Assignment | Interview
Interview with Author JS Lee
JS LEE IN CONVERSATION WITH REBECCA DRAGON ‘23
ART BY JS LEE
In 2016, after taking a DNA test from one of those large online genealogy companies, I found myself catapulted into my own biological context, something that had been an enigma to me for my entire life. Adopted people, like myself, are often completely in the dark about their origins. Many have never looked into the eyes of someone that they are biologically related to. We are, for all intents and purposes, mysteries even to ourselves. We are state secrets, any salvageable information about our originating identities and families locked away in a courthouse or in the case of much intercountry adoption, lost in a “flood” or a “fire.”
Imagine living your life with only your imagination to fill in your missing gaps or to justify the profound loss that you had to endure to become the legal child of unrelated strangers. Now imagine being told that this loss you suffered doesn’t matter, that all that really matters is that you are where you are now. You are washed clean in the salvific fountain of a legal process called “adoption.” You are made anew by the perceived sacrifice of people who “took you in,” and “loved you as if you were their own.” Adoption is seen as an altruistic good, a win-win situation that gives the “unwanted” value through its process, But it’s not so simple. Especially not for those who have lived their lives through adoption, the adopted person.
When I found my originating family, and was finally able to solve the mystery of my Self, I was catapulted into an experience known among adopted people as “coming out of the fog.” I felt all the more profoundly the complexities of my own experience. It was overwhelming, and I needed camaraderie and understanding that was unavailable even in my closest circles of family and friends. So, I did what many of us do in this modern age. I went online to find other adopted people who I could turn to for mutual support. What I found was an entire community of adopted people who were speaking out loud about the reality of their experiences. Through my relationships with other adopted people, I was given words for unexpressed feelings and thoughts that I had held my entire life, but never had the courage to truly examine.
JS Lee (Jia) was one of the first connections that I made in what is colloquially called “Adoptionland.” We met in a closed adoptee-only group on Facebook where we vented about things that happened in our personal lives, but also about the ignorant and often cruel things that were said and done to adopted people speaking openly and honestly online. Jia immediately struck me as open and kind, thoughtful and empathetic. She is still, to this day, one of my favorite para-social relationships, and these relationships, even though existent only online, are essential for adopted people trying to make sense of how adoption has truly affected them.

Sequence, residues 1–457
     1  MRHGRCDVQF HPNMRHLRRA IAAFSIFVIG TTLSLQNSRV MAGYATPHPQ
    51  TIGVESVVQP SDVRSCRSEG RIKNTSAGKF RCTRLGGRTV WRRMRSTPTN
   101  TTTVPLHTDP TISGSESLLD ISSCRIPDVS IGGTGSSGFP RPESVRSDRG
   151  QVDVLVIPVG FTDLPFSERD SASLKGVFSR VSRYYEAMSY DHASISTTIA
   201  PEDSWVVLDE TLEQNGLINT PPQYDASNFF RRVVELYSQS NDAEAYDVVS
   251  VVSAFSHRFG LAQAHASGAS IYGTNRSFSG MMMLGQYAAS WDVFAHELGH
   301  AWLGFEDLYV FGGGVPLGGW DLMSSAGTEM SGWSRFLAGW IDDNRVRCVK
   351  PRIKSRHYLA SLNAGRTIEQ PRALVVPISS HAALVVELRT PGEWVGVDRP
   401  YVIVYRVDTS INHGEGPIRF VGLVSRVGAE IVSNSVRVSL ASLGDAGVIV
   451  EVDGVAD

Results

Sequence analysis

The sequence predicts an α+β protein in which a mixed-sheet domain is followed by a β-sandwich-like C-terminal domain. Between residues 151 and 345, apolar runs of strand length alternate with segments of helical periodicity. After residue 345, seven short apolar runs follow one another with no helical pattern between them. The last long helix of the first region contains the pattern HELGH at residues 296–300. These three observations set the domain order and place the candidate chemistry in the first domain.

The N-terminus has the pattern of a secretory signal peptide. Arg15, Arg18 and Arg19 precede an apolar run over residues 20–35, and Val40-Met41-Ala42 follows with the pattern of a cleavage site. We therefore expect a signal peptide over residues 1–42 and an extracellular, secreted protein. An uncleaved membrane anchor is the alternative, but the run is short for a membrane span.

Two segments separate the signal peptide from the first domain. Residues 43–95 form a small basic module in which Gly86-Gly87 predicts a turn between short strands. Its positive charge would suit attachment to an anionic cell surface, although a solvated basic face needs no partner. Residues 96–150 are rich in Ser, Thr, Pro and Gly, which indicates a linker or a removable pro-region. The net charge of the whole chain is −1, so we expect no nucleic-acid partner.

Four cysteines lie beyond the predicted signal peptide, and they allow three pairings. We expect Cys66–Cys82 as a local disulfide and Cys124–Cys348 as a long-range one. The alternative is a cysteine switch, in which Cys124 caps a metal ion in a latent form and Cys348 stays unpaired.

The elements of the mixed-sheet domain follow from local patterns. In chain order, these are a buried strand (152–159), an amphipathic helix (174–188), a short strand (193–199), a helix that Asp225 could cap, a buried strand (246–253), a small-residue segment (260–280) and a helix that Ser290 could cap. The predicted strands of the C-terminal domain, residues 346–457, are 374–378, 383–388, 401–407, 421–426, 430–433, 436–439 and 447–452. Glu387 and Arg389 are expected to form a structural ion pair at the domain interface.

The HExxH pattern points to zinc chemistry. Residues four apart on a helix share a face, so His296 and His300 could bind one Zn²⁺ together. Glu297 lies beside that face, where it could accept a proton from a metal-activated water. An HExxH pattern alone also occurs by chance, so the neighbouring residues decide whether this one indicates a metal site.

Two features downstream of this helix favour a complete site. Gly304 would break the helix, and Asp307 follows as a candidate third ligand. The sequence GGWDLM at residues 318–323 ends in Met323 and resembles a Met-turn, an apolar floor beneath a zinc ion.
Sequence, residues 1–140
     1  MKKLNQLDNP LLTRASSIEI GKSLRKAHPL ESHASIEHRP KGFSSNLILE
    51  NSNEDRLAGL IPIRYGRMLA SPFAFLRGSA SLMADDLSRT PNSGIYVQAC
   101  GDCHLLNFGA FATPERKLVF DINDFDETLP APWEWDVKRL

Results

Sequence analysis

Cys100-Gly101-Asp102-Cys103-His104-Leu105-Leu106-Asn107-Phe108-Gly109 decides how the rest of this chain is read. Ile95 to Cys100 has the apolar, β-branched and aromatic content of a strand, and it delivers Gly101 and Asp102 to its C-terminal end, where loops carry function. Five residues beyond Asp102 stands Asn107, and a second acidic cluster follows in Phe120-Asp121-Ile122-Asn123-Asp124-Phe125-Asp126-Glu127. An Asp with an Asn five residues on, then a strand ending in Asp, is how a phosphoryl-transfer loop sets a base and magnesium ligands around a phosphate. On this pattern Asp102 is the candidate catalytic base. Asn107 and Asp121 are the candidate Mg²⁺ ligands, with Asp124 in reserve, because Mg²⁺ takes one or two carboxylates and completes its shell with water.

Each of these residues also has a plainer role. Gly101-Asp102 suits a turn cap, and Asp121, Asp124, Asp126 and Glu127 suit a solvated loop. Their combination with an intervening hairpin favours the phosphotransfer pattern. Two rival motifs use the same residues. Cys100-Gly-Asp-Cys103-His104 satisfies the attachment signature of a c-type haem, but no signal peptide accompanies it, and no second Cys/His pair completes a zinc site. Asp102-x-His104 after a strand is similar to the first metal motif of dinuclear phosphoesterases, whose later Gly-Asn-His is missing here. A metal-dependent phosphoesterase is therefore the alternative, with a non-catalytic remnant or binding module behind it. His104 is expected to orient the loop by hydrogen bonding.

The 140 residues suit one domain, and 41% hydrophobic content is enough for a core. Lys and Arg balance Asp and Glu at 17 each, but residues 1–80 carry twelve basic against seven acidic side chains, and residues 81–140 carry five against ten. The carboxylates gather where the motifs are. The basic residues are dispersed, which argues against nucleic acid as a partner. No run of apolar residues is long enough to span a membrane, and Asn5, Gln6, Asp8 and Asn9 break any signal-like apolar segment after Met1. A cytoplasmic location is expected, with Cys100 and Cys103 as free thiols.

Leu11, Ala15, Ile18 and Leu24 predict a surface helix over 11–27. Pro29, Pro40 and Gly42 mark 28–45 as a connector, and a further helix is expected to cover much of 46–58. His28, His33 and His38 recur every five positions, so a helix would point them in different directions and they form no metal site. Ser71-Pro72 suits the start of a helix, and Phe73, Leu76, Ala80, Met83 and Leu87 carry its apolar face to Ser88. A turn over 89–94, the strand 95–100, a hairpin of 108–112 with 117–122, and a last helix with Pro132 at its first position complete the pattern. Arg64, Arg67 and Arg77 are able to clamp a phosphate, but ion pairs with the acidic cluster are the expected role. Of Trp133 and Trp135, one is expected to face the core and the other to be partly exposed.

Jia was also the first adopted person I had a connection with that was a “real writer,” having published at least one book and several essays/articles. At the time I met her, it had never occurred to me that an adopted person could write about anything related to adoption except what is societally expected of us: that adoption is a blessing, and that adopted people are “chosen” to be “gifts” given to “better people” for a “better life.” To my uninitiated eyes, it seemed inconceivable to memorialize anything outside of that narrative on paper or a social media platform. When you live your life as a “gift” that was given to others, it can create an extra hurdle to recognize and employ your own inherent gifts and talents. I was struck by the bravery that I imagined it took Jia to be able to think, write, and exist outside of this narrative. In this way, Jia was one of my first mentors (whether she knew this or not), and her work inspired me to find and express my own voice, not only in Adoptionland, but beyond its borders into the great wide-open space of the non-adopted and those with no exposure or experience with adoption at all. It is my pleasure to be able to share this interview and expose more people to this talented writer and fellow adopted person.
What is your relationship to adoption?
I’m beginning to realize and accept that all of my identity markers are constant, but dynamic rather than fixed. “Adoptee” has been one of the most in flux. These days, I feel more displaced than adopted. My purchasers have been out of my life for eight years now and I’m in very low contact with their kids, despite my affection for most. Not having a sense of family on either end decenters the sale of my infant body and highlights my solitude. Despite that, I don’t think I can ever let go of my adoptee identity because of how it connects me to so many wonderful community members in the same struggle. I’m proud of how we unite and survive.
What role has writing played in your life? Have you always been a writer, or did writing come from a deeper impulse (like, did you find writing because you needed a place to process or express?)